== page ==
JEDDAH: A fashion-loving young Saudi Arabian is trying to raise awareness about vintage fashion and the imprint fast fashion has on the world.
Alia Kurdi is a 27-year-old fashion enthusiast who collects, designs and sells vintage clothing in Saudi Arabia. She always thought that growing up the only way to express herself was through her clothes,
“There weren’t a lot of places for self-expression, and because I’m a bit of a radical person, I started showing my personality through my clothes, and that’s when I started making that connection with different pieces.”
Appreciation for vintage clothing ran within the Kurdi family. She told Arab News that her grandfather collected Versace shirts which were often loud and bright: “He didn’t dress like the typical Arab man. I still wear some of his shirts today, and people compliment them and are often shocked to learn that they belong to my grandfather.
I feel like I already have a connection with a piece; I feel called into a store, and immediately from afar I know what I’m going to buy as if these pieces speak to me. Usually they are extremely special whether it is the texture or the pattern.
People in Saudi Arabia have always recycled their used items through charity.
However, the situation has changed as the conversations around resale and used parts have evolved.
Kurdi said she started shopping consciously ever since she discovered fast fashion’s imprint on the world; it was then that she began to venture into vintage and second-hand shops. The collector said that once she started, she never looked back, and 2022 marks her seventh year without a fast mode.
Kurdi advised people considering getting into fast fashion to start with baby steps and set realistic goals: “One of the most negative things is buying for occasions because people think that they cannot repeat. Re-accessorize everything, borrow from your friends and lend them stuff. It will be the perfect way not to buy for occasions.
The collector said she loves exploring different streets and shops to find her clothes. she described the process of selecting what to buy as “intuitive”.
“I feel like I already have a connection with a piece; I feel called into a store, and immediately from afar I know what I’m going to buy as if these pieces speak to me. Usually they are extremely special, be it the texture or the pattern,” she said.
Kurdi also said that the pieces she selects turn out to be beautiful, and she developed this compass to find hidden treasures.
She describes her style as “Unicorn Emo”, someone who likes black a lot but also with bright colors. Her emotions are reflected in the outfit she wears.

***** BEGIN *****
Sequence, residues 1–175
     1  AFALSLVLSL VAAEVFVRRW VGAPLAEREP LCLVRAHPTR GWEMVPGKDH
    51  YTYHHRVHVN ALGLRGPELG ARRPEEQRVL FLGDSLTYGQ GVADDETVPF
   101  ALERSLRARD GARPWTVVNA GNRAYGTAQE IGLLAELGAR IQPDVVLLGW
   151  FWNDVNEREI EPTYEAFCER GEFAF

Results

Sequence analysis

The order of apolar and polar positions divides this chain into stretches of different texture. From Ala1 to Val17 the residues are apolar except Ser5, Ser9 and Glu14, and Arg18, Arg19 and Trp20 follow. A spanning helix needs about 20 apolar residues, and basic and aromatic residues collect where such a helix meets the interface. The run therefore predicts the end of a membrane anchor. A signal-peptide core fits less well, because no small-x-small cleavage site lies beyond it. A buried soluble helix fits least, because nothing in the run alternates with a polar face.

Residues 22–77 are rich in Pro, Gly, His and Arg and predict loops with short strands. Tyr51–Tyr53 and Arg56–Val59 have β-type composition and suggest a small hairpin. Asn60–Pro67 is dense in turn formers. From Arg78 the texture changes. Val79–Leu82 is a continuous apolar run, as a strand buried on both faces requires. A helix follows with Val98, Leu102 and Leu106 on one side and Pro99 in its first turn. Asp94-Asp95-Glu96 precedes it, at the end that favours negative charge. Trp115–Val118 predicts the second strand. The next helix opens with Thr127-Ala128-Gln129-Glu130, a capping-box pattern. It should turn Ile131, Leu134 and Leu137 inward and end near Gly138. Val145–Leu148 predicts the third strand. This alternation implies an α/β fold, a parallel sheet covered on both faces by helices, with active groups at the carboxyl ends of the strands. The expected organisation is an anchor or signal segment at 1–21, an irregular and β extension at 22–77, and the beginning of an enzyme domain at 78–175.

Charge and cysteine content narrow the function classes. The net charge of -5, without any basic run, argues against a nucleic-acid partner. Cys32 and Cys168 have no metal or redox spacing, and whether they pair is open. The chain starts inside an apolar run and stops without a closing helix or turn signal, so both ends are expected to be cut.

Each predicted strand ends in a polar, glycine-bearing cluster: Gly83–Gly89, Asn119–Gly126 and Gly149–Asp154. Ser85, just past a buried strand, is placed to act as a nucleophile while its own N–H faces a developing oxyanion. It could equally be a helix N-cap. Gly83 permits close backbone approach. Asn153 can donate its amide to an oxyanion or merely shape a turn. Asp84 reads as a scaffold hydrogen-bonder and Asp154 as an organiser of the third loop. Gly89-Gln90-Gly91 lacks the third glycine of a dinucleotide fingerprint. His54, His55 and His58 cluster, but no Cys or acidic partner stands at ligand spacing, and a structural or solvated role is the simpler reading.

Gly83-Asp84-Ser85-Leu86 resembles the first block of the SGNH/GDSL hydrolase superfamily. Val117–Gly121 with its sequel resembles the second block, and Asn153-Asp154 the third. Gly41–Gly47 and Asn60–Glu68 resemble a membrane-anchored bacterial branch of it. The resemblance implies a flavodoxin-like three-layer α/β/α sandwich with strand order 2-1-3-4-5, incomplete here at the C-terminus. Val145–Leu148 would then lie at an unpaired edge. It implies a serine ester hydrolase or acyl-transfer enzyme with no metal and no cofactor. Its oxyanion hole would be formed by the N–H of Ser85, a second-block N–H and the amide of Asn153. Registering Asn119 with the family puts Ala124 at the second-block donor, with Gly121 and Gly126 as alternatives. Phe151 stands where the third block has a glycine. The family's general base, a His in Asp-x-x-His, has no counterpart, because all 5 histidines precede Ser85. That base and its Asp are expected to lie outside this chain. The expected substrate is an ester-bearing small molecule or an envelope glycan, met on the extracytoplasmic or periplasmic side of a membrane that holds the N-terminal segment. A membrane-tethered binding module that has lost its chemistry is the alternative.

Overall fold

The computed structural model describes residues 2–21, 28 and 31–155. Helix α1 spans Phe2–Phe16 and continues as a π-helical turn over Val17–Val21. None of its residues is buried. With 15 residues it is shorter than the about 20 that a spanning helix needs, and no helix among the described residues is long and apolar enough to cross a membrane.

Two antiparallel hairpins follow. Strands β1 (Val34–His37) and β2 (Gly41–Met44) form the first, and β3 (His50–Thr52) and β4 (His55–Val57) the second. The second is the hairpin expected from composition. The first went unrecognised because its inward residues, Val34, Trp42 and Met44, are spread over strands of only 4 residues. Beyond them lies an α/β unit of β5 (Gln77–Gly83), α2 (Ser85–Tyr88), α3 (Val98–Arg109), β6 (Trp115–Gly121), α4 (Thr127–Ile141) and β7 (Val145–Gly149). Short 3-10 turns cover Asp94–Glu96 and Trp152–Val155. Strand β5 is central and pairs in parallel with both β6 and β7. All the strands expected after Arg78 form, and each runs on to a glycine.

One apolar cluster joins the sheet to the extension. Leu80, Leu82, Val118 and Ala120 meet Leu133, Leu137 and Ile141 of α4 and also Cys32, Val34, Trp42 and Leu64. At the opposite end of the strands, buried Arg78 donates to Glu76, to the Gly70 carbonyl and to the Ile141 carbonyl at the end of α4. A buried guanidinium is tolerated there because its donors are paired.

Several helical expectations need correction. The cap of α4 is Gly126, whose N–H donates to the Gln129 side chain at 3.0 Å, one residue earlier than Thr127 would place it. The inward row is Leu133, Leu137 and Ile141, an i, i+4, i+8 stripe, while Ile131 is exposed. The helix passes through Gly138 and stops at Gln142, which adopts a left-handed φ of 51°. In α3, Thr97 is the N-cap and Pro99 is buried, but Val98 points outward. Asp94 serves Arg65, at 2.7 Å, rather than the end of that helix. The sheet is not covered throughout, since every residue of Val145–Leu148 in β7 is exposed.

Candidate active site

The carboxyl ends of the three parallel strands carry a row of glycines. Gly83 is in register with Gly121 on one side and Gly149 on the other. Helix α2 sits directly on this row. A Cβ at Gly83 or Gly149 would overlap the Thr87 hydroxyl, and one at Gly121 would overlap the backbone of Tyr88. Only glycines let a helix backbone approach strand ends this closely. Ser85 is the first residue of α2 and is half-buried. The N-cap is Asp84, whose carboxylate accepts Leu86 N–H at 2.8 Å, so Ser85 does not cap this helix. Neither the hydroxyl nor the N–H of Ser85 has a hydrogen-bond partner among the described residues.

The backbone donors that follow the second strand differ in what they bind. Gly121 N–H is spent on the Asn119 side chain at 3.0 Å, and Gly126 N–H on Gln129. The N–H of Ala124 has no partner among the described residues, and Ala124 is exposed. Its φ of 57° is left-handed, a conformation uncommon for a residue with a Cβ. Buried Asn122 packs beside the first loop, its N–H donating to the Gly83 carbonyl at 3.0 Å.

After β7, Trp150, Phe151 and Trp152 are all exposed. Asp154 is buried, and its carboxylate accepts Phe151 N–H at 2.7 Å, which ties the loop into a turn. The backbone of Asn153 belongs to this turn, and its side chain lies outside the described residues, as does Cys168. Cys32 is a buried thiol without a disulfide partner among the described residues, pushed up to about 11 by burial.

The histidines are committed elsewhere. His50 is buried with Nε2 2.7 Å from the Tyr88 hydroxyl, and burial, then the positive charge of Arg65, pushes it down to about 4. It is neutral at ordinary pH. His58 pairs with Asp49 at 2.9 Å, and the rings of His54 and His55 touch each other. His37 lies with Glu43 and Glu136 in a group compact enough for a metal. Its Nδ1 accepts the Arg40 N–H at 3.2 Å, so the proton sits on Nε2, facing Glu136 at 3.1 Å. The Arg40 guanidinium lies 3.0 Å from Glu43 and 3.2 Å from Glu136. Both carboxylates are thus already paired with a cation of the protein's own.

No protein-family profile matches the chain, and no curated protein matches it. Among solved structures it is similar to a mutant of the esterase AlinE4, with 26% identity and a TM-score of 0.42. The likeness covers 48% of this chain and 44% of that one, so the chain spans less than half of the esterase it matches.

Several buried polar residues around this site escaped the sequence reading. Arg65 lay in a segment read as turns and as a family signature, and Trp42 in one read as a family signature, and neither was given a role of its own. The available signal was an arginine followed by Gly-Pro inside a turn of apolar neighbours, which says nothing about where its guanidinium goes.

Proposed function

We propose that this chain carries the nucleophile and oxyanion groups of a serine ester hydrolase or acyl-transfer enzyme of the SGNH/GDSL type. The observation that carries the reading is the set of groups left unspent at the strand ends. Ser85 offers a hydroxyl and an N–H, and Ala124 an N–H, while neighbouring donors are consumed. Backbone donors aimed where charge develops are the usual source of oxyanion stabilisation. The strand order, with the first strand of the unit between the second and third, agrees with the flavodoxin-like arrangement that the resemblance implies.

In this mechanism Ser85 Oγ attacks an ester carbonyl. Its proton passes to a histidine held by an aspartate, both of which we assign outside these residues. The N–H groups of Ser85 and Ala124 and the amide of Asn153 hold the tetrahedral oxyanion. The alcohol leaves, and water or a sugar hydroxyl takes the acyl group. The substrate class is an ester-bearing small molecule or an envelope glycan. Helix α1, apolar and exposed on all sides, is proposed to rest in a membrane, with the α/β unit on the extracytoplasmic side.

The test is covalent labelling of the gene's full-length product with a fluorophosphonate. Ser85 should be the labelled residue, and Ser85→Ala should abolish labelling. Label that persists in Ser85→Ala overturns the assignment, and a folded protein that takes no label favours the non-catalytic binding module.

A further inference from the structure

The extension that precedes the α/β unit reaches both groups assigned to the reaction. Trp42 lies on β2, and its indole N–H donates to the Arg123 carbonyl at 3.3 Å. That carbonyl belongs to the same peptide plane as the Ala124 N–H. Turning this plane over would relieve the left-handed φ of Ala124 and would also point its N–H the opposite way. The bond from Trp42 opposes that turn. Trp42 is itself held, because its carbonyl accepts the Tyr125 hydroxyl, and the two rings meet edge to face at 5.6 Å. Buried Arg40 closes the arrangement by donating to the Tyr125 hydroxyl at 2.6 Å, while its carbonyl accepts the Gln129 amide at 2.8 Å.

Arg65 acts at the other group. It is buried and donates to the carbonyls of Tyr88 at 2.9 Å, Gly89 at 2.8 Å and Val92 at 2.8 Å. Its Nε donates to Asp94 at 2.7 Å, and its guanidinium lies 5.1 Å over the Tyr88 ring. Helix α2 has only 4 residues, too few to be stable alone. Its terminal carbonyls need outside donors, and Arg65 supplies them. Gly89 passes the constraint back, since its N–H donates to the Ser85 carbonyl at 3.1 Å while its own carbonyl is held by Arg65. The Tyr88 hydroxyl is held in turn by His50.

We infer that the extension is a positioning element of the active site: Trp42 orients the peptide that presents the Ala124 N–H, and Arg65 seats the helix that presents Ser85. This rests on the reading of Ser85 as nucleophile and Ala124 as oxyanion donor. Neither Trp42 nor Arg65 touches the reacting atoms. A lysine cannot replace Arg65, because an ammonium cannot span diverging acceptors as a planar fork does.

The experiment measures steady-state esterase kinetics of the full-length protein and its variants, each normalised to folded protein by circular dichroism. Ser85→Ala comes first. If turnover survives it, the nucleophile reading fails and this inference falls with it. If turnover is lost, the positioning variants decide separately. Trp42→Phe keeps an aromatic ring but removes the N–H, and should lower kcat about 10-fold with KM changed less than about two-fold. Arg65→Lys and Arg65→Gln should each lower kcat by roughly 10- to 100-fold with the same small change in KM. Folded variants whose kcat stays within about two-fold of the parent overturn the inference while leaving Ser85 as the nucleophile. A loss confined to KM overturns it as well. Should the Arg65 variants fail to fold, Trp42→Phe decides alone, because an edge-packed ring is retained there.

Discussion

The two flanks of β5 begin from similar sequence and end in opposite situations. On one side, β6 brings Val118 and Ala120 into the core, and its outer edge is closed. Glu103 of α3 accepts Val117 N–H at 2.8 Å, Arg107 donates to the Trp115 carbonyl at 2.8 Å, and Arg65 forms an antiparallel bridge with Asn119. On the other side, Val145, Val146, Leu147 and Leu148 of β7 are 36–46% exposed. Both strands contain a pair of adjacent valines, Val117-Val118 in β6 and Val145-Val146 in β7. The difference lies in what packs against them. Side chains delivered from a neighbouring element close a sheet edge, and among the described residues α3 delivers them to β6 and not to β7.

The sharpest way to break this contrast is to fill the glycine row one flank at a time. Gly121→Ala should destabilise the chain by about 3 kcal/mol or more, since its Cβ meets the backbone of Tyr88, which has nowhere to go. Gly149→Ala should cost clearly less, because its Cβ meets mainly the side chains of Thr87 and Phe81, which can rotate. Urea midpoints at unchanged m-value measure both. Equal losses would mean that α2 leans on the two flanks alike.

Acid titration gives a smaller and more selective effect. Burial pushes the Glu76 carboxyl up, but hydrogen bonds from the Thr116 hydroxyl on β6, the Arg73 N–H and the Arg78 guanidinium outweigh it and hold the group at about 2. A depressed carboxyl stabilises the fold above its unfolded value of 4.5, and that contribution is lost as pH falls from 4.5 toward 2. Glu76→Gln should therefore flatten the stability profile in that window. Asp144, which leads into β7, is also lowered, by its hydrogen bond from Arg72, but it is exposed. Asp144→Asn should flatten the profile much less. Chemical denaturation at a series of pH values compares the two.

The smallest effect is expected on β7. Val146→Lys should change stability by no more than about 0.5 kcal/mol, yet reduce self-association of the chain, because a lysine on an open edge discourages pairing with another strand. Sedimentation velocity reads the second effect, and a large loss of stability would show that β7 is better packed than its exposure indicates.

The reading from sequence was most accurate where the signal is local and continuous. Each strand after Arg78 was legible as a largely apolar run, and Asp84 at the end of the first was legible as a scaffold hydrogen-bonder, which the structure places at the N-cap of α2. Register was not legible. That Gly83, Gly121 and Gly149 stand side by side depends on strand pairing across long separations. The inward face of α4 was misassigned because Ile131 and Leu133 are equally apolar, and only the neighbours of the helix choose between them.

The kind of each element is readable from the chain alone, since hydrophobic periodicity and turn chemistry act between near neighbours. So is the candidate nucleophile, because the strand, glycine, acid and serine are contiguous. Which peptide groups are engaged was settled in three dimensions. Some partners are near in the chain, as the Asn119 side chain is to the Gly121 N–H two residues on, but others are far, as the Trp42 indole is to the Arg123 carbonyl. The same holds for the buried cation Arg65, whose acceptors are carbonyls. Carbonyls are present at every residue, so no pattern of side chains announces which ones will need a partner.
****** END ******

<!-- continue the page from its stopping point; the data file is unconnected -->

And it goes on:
“I received a lot of negative comments while I was growing up, and that triggered me a lot. However, now not only have I changed my approach, but people celebrate it a lot more; they say things like it’s amazing that I stayed true to myself,” she said.
“Nevertheless, a lot of people have said that I was a lot prettier a few years ago, and I admit that back then I was a lot more anxious.”
She said her favorite piece of clothing is a ‘Google Chrome’ jacket she bought in Berlin: “It’s black with lots of bright colors. I broke my spending limit rule on this jacket because I had to have it. So many people complimented me. I also made a friend thanks to that. I’m so happy he found me.
She gave the jacket that name because the colors resembled the Google logo. If she had to sum up her style and personality in one piece of clothing, it would be this: “It’s rough in places and soft in places, it’s all black but also colorful. Kind of like how I feel all the time.
The collector launched her own brand where she connects people with pieces with stories, “Diskofrenzy was born because often I will find very special pieces but not in my size, but I had to collect them and keep them with me. My goal for my brand is to make Diskofrenzy the ultimate reference for vintage and recycled fashion.
The name connects two very personal things to Kurdi: Disco, which is vintage but now making a comeback, and she says she only feels a frenzy when she’s dancing or shopping. That’s why she decided the perfect name for her brand would be Diskofrenzy.
She said people often come up to her and tell her that only she can pull off a certain style. However, in his opinion, this is not true: “Anyone can do whatever they want. Just be quirky and weird and a little rebellious. Express yourself through what you wear.